What not to do when your customers are down

IT consultants and contractors must be careful not to kick their clients when they’re down.

The following real-life story involves an excruciatingly stupid client that owns a Linux box running a variety of packages, including a major mainstream database. The client approaches system administration in an ad hoc manner, fostering the attitude, “If it ain’t broke, don’t fix it.”

Linux doesn’t get hacked right? Well, the open source operating system might not be an easy target but that doesn’t mean the customer’s Web servers and Web programming languages don’t have holes. The result: after two years of not applying patches, this client’s server is hacked.

The client calls in an emergency system administrator to reinstall Linux and everything else. But the sys admin doesn’t know how to reinstall the database. Enter the database whiz, an expensive-per-hour professional. We will call this expert Pat to avoid revealing his true identity. The first thing Pat says is, “You are not on current release levels of the operating system or the database.”

The client has had a critical system down for three days and is exhibiting symptoms of his meltdown: verbal tics in the form of involuntary use of obscene and/or socially inappropriate words and phrases along with matching gestures. Under this kind of stress the client responds (roughly), “I don’t give a rusty nail if we’re running DOS 1.1 and VisiCalc; it worked fine for three years. Put it back.” But looking through the spittle and profanity, the client’s point is that this is a restore mission, not an upgrade.

Naturally, psycho-client must install various security patches to prevent the box from being hacked again. Sadly, the database does not want to run. With the clock ticking and the client’s creative use of profanity increasing, Pat has a choice of looking for a workaround or sticking to the principle that he should bring the software up to current levels.

Just because the vendors don’t support a software revision doesn’t mean it won’t work, nor does it mean the current problem is the result of the version level of the software. Even the client knows this.

In the end the client searches the Internet and finds what appears to be a viable workaround. The client insists on trying it but Pat is uncomfortable. None of the vendors support the software — but then the client really insists. What should Pat do?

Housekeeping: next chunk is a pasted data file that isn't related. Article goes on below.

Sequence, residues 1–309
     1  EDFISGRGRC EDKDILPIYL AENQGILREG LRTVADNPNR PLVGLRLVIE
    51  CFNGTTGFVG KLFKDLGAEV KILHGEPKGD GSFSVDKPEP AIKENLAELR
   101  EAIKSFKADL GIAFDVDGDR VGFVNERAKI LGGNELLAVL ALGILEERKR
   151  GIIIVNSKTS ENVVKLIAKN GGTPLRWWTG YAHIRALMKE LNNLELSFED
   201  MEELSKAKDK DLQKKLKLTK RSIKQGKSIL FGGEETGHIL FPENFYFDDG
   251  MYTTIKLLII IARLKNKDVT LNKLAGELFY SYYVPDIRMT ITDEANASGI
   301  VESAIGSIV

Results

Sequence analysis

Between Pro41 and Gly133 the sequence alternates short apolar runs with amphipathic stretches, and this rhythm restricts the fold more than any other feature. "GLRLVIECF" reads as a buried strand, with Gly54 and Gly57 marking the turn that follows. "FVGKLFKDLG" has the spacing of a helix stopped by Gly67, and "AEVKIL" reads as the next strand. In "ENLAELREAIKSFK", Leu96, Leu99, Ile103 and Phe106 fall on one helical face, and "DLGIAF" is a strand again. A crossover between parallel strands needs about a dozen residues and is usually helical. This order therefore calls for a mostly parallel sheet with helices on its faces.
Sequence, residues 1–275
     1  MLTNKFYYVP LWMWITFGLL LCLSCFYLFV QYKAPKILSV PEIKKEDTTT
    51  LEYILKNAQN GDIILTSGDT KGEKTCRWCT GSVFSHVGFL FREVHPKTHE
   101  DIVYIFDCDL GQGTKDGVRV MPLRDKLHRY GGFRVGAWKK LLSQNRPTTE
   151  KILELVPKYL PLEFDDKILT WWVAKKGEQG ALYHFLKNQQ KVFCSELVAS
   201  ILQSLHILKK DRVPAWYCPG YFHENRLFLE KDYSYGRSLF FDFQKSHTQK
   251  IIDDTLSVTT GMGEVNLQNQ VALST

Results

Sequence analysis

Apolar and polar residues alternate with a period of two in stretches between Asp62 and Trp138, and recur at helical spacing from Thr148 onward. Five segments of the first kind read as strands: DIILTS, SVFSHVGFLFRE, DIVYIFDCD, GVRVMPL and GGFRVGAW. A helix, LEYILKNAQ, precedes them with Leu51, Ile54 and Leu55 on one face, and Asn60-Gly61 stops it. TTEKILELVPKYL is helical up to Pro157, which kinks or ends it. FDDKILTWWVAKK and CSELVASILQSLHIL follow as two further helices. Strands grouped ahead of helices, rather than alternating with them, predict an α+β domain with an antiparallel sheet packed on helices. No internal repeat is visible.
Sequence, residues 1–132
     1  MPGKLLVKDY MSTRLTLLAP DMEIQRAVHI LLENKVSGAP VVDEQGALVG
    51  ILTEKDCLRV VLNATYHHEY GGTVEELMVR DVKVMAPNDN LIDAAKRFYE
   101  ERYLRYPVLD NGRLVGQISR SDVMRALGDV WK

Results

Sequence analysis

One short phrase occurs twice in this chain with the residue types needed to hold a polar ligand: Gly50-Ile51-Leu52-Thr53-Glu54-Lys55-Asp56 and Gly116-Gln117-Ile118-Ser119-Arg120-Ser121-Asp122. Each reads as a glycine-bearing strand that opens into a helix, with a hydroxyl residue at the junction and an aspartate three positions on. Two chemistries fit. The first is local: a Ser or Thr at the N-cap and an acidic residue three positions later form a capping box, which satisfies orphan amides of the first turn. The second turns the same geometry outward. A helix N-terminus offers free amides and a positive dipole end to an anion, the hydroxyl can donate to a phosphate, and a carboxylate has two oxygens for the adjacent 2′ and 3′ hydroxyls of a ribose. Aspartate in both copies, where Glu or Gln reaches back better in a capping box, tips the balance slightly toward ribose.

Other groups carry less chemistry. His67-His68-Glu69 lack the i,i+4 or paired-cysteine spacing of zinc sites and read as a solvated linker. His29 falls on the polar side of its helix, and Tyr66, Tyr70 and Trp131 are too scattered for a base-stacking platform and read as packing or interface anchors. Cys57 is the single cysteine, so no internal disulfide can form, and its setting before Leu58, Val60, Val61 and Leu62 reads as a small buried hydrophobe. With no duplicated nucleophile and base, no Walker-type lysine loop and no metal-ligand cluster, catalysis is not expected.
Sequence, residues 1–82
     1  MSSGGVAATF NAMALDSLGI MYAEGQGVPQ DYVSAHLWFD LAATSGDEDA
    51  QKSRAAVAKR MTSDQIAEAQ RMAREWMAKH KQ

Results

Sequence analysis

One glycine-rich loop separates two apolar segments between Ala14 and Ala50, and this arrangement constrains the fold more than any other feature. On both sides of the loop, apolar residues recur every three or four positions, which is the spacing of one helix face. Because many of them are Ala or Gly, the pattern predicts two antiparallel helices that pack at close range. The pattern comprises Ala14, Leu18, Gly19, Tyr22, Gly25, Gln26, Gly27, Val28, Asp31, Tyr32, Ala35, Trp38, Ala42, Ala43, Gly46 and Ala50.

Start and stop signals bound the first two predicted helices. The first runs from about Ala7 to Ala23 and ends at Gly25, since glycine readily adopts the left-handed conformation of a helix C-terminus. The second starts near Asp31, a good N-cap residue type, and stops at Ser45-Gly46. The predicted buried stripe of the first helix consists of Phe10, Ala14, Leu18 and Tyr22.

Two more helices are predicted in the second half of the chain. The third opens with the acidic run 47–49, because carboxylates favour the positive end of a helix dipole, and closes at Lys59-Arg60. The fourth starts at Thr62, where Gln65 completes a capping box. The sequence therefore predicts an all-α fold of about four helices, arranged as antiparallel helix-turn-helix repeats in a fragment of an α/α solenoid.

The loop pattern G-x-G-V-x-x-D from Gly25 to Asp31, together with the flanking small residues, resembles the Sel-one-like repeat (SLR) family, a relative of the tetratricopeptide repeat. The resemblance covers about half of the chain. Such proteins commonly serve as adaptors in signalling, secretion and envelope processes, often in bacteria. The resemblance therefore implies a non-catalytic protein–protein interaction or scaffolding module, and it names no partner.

It’s crucial not to lecture the client. Phrases like, “There are rules, conventions and a code of ethics that are characteristic of all good businesses,” don’t help — especially not during a crisis. Neither does pointing out past installation mistakes.

Imagine your car has broken down and you are on the side of the road freezing to death. The mechanic who comes to help doesn’t have the right wrench and starts worrying about voiding the warranty. There are three choices for the mechanic, which could also apply to IT consultants facing a similar dilemma:

• Refuse to do the job — simply walk away (but make sure to do this early on);

• Do the workaround but state in writing that it is non-standard and unsupported;

• Do the workaround, smile and keep a lid on the snarky comments.

The downside of the ill-timed application of IT ethics is that even if you are right, it is likely you will have lost your customer. This may not seem bad up front, but that client will inevitably return to the people who referred him and say, “This guy is a jerk. I suggest you never recommend him to anyone ever again — and thanks for asking, my meltdown is under control.”

Ford is a Vancouver-based consultant who does yoga. Send good vibes to Robert@quokkasystems.com.

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